“Denny” I whispered down the hall  in a sing-song voice. As I approached the closed door, the last hall-light flickered off, and the door cracked open, revealing a blurry face in Denny’s room.

“Denny?” I said, but only air came out of my mouth. Denny Jr. stopped singing as I slowly crept into his room. In the soft vignette of his black bedroom, I couldn't catch my breath.

What is that?

The shape and color of his face was bizarre. I could hear a sharp buzzing in my left ear, and my heart began quaking violently in my right.

It was a man.

A man was sitting in the crib.

I tried to speak, but my lips parted and closed frantically as I froze like a statue, confused, and horrified.

The man sat upright, staring straight at me in the darkness. The faint light from the nightlight highlighted his blank and emotionless face — deep, shiny red cheeks with a pointy black nose and two spidery-black eyes.

“Mama?” It said.

It was Denny Jr.’s voice. God, it was his voice.

I’m dreaming, right? This is all a dream. God, please tell me I’m dreaming.

“Wh-wh-wh-wh-what did you do?” I managed to sputter, falling slowly forward toward the man and catching myself on the dresser to my left.

“Mama?” It  whispered, sitting up straight and pointing it’s chin down.

“I’m thirsty.”

I began to shake violently as I stumbled to the edge of the crib.

“Where is my boy! Where is my boy!?” I sharply whispered.

The face looked suddenly afraid, almost in shock. With wide eyes he turned his head closer towards mine, and frowned. I then noticed his legs were stick-thin, devil-red, and tightly crossed. They looked like they had been cooked in a furnace and buttered.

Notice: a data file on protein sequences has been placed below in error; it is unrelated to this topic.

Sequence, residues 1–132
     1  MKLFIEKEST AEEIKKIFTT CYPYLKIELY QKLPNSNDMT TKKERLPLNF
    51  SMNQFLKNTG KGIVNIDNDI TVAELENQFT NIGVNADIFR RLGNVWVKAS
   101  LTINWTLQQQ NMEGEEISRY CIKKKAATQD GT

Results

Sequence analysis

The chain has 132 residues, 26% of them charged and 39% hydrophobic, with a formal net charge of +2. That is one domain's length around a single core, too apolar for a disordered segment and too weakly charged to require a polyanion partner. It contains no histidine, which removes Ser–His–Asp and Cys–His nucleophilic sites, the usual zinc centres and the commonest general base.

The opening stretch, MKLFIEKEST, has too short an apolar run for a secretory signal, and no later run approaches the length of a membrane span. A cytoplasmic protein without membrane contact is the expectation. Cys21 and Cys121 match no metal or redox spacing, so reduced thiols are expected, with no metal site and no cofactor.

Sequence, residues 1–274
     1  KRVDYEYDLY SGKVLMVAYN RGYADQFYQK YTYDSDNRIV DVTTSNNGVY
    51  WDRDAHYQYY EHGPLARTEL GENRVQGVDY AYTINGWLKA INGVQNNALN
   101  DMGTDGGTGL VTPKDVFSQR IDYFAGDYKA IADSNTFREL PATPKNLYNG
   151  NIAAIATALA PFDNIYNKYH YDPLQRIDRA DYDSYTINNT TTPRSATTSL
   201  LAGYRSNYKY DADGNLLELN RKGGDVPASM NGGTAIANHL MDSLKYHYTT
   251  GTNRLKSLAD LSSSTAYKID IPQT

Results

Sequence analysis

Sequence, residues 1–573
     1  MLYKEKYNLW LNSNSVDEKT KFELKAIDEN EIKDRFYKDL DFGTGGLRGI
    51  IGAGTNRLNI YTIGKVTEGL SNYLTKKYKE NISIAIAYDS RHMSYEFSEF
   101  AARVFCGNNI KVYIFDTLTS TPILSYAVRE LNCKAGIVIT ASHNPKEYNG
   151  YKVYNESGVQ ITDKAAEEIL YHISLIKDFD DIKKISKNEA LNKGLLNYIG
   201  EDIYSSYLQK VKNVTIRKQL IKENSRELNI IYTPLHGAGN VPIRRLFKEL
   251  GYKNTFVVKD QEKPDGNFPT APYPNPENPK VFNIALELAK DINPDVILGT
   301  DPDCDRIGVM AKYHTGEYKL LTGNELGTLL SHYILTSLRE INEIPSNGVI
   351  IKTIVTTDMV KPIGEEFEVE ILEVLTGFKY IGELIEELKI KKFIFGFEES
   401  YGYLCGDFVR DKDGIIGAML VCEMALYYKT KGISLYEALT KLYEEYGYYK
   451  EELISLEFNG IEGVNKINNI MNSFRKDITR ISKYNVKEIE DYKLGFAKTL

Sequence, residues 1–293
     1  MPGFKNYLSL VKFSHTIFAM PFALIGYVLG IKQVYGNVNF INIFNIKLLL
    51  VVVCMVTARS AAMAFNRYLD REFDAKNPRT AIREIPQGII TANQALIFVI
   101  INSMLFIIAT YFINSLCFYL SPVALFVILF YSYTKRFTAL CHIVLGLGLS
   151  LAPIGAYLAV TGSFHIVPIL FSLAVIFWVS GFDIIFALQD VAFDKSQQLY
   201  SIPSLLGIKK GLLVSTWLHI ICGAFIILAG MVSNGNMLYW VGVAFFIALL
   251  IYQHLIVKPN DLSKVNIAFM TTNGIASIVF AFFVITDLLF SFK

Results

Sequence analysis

“WHERE, ” I gasped through a blur of tears (I could barely make out the diaper), “IS MY DENNY?!?”

The man was wearing Denny’s diaper.

The room fell silent, and that thing slowly began to giggle.

I felt a panic, sprinted, and peered into the crib, hoping to find Denny Jr. It snatched my lower jaw and flung me to the ground. I found myself gasping on the floor with it’s shiny red fingers wrapped around my neck, while it proceeded to slam my head violently against the hardwood floor.

“MILKY!” it screeched through a sharp white smile, its face turning a vibrant red.

“DENNY WANTS SOME MILKY!!”

“DENNY?! DENNY?!”

My words were useless as I began to lose consciousness. His grip tightened and the smile of the red face approached my neck and kissed it. My fingernails had passed through the thing’s paper-like throat, and trails of blood trickled down my wrist.

“Mama.” The voice was hoarse. “Mama. Where’s dada?” The red face was suddenly crying, and that’s all I remember about the night Denny Jr. died.

But I’m okey now. I’m happier than ever.

Ever since then I’ve felt a sense of relief. Things are looking up. Denny’s father and I see eachother once a week at the hospital, and he brings me white-chocolate and roses and  we sometimes talk about the game or Denny Jr.  We just miss Denny Jr. so much. But we’re so much happier now. But we do really miss Denny Jr. more than anything.

It’s a wonderful feeling, falling back in love after a tragedy. Sometimes, I feel like I’m born again. Denny Sr. is my savior.  Those lost feelings we had before Denny Jr. was born shiver down my spine and it feels amazing. His tense, tan, strong arms mean everything to me now.

I think he believes me and I think he’s happier because of what happened. I’ve told him what the police said wasn’t true. The police said they found me covered in blood with my fingernails in my son’s neck.

I told him, I said, “What mother does that to her own child?”

He knows I wouldn’t do something like that.

We both know that thing wasn’t my child.

That was never my child.


About The Author

Thomas Brush is the owner of Atmos Games and creator of indie games Pinstripe (TIME Magazine's Most Anticipated Games 2017) and Once Upon A Coma (in development). Thomas also enjoys writing horror short stories and writing classical music.